PURPOSE: New-onset olfactory and gustatory dysfunction (OGD) represents a well-acknowledged COVID-19 red flag. Nevertheless, its clinical, virological and serological features are still a matter of debate. MATERIALS AND METHODS: For this cohort study, 170 consecutive subjects with new-onset OGD were consecutively recruited. Otolaryngological examination, OGD subjective grading, nasopharyngeal swabs (NS) for SARS-CoV-2 RNA detection and serum samples (SS) collection for SARS-CoV-2 IgG quantification were conducted at baseline and after one (T1), two (T2) and four weeks (T3). RESULTS: SARS-CoV-2 infection was confirmed in 79% of patients. Specifically, 43% of positive patients were detected only by SS analysis. The OGD was the only clinical complaint in 10% of cases. Concurrent sinonasal symptoms were reported by 45% of patients. Subjective improvement at T3 was reported by 97% of patients, with 40% recovering completely. Hormonal disorders and RNA detectability in NS were the only variables associated with OGD severity. Recovery rate was higher in case of seasonal influenza vaccination, lower in patients with systemic involvement and severe OGD. Not RNA levels nor IgG titers were correlated with recovery. CONCLUSION: Clinical, virological and serological features of COVID-19 related OGD were monitored longitudinally, offering valuable hints for future research on the relationship between host characteristics and chemosensory dysfunctions.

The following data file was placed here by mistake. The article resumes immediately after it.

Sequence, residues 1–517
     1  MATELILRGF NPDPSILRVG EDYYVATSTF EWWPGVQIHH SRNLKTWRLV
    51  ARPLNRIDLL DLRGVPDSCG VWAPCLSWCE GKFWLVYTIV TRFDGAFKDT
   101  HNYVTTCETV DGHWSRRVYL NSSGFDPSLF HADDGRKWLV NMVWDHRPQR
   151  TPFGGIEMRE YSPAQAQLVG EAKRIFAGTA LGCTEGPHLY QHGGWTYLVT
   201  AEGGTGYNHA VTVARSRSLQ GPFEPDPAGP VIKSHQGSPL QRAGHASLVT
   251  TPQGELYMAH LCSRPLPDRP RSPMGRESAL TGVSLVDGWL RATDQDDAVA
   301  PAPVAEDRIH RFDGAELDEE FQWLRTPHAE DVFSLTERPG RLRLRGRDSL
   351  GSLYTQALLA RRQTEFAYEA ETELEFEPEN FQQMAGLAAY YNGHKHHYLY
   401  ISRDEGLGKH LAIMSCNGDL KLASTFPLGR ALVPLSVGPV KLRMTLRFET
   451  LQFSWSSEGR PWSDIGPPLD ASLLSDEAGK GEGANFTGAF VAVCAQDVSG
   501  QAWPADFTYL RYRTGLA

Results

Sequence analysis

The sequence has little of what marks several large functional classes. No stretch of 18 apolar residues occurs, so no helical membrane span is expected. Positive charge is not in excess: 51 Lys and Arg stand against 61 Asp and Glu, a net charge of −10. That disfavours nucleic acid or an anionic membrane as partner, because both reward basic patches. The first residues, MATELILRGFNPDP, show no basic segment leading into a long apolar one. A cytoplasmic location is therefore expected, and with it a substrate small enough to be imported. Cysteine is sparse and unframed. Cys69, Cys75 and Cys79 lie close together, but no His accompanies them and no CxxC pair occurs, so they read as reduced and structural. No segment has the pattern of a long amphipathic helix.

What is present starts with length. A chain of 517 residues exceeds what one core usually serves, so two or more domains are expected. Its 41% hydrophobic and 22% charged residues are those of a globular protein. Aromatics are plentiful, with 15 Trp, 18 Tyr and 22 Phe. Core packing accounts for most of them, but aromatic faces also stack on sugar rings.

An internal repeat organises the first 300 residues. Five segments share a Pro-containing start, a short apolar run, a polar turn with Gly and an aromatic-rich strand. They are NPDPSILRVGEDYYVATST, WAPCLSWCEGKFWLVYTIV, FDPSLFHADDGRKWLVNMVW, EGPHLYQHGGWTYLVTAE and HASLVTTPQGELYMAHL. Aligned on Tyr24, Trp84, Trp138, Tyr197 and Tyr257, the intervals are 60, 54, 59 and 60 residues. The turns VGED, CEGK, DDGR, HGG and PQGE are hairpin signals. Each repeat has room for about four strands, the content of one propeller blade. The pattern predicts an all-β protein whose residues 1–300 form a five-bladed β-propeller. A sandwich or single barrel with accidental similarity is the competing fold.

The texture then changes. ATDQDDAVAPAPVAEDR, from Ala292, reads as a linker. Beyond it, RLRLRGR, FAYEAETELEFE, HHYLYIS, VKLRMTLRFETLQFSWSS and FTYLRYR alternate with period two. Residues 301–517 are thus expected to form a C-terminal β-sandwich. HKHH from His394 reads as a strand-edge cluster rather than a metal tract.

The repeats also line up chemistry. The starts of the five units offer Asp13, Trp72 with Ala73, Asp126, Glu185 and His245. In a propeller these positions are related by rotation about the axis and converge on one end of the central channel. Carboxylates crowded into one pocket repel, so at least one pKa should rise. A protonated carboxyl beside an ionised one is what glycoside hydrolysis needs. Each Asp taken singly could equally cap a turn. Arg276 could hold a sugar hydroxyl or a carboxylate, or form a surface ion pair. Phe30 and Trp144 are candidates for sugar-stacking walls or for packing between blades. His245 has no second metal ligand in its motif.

Subject(s)